Monday, June 15, 2009

My Favorite Authors - Cara Summers

My Favorite Authors—(the ones who’ve shaped me as a writer and perhaps as a person)

I’ve always been a reader. Growing up, my favorite thing to do was to curl up with a good book. And I credit my parents with my lifelong addiction to popular fiction. My dad read to relax, and he was always willing to share from the pile of paperback mysteries and westerns he kept on the table near his bed. My mom subscribed to several magazines. My favorites were Good Housekeeping and Redbook because each month in addition to short fiction they offered a full length novel. I even had a favorite place to read—a window seat that could be screened off by a curtain. I could hide there and read to my heart’s content. Whenever I had a doctor or dentist appointment, my mom would take me to a bookstore afterward and I got to choose a new book.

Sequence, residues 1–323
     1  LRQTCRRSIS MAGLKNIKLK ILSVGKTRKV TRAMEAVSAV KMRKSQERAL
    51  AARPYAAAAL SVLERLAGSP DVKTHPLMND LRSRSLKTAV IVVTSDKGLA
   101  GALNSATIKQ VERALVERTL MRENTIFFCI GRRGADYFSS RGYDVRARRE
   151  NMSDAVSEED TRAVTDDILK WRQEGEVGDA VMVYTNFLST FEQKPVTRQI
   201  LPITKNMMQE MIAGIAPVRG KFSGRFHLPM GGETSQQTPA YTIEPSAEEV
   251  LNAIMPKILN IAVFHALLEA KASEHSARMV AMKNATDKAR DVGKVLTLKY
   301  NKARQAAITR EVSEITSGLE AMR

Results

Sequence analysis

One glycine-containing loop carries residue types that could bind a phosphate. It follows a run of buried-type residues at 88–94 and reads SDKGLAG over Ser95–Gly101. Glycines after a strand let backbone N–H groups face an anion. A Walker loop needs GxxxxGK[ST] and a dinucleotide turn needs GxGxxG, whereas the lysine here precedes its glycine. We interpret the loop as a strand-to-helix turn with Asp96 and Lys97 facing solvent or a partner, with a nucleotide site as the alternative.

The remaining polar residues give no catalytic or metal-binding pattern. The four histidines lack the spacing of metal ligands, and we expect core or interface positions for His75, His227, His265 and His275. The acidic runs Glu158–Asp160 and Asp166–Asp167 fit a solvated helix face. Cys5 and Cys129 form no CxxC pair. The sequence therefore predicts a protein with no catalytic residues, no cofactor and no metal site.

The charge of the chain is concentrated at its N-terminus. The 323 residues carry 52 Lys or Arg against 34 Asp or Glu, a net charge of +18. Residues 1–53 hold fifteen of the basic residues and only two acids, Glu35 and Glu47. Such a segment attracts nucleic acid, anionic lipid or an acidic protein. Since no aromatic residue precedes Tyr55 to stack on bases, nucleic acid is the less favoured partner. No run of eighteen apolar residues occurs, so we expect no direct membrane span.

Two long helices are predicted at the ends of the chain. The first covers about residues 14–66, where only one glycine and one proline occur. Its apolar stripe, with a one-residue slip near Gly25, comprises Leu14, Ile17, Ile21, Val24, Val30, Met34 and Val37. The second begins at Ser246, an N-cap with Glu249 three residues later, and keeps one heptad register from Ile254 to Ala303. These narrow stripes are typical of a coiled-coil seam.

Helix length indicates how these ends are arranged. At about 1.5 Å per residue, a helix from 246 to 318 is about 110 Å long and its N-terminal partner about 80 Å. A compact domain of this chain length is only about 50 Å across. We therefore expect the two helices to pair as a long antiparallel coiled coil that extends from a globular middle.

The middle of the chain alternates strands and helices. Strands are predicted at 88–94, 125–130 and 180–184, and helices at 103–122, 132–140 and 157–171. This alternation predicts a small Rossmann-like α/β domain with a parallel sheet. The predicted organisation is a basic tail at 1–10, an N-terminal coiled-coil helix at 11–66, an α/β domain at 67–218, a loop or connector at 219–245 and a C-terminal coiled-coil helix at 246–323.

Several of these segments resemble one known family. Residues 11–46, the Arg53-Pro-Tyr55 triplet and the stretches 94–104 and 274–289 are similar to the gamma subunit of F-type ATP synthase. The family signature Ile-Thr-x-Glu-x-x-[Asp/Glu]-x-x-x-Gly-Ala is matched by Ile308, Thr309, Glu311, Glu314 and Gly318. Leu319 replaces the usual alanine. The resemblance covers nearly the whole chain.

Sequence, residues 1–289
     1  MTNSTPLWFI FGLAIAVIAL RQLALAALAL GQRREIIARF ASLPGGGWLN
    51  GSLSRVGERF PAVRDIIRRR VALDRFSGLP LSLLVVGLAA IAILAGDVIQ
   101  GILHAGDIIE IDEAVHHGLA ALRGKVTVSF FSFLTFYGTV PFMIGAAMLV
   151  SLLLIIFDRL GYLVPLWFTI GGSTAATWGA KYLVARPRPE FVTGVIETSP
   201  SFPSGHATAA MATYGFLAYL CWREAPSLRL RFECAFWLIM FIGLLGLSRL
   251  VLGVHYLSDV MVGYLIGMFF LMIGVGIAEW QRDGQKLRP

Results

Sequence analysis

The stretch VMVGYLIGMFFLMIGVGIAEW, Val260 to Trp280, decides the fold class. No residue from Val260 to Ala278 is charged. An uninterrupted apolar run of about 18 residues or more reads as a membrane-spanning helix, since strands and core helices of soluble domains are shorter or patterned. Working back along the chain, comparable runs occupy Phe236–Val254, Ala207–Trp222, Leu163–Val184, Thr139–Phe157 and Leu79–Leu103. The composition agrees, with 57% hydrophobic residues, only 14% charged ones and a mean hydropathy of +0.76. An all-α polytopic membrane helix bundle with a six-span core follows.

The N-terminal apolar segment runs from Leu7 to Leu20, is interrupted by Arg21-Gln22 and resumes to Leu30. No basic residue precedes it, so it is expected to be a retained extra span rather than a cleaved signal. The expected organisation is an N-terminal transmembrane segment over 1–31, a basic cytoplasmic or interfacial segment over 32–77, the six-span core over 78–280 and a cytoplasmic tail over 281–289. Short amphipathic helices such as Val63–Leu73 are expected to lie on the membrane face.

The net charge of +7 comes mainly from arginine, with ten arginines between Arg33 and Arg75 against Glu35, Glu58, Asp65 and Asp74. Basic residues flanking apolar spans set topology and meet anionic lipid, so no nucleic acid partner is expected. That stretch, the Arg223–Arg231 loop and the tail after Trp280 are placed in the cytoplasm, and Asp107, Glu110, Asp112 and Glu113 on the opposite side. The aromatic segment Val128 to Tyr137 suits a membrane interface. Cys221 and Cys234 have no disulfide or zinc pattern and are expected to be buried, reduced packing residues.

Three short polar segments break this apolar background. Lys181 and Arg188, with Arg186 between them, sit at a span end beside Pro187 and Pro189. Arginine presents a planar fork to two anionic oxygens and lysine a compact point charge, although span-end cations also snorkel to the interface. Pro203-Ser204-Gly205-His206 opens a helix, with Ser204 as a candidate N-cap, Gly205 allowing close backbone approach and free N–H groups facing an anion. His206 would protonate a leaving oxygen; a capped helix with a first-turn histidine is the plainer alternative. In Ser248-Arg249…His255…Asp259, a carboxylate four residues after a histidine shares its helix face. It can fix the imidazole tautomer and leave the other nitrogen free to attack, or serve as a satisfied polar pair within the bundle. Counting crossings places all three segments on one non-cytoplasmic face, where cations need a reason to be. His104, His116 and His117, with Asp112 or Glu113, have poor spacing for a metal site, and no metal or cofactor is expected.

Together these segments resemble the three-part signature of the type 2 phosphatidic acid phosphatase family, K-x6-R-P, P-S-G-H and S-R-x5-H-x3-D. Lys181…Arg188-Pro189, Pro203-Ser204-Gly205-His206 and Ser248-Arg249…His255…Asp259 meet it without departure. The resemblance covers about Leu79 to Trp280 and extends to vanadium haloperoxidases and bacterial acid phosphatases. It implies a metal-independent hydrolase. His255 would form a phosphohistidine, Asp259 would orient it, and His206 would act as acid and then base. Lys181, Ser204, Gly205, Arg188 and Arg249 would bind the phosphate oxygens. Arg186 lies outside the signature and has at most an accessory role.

If I hadn’t been such an avid reader, would I have eventually become an English teacher, a college writing teacher, and a published writer? I don’t think so.

I was recently asked in an interview to name some writers who’ve influenced me, and that started me thinking…

At the top of my list is Carolyn Keene. You may not recognize the name, but Carolyn (probably a pseudonym for several authors) wrote the Nancy Drew Mysteries. My Aunt Kathleen gave me my first one when I was seven. It took me a long time to finish it, but I did. And then I was hooked. By the time I was ten, I had read every Nancy Drew book that had been written.

And Nancy became my heroine. She was bright and independent and she drove a convertible—a coupe. (I had no idea what that was, but I wanted one.) Nancy had two best friends (George and Bess), a handsome and fairly undemanding boyfriend named Ned, and a father who was supportive and rarely interfered in her life. She had exciting adventures, she solved mysteries, and she had an ingenious way of getting herself out of scrapes! Was it any wonder I wanted to grow up to be Nancy Drew? I still carry an image of Nancy in my head. She’s tied up in a locked room, and she gets herself rescued by tap dancing S.O.S. in Morse Code on the door. Amazing!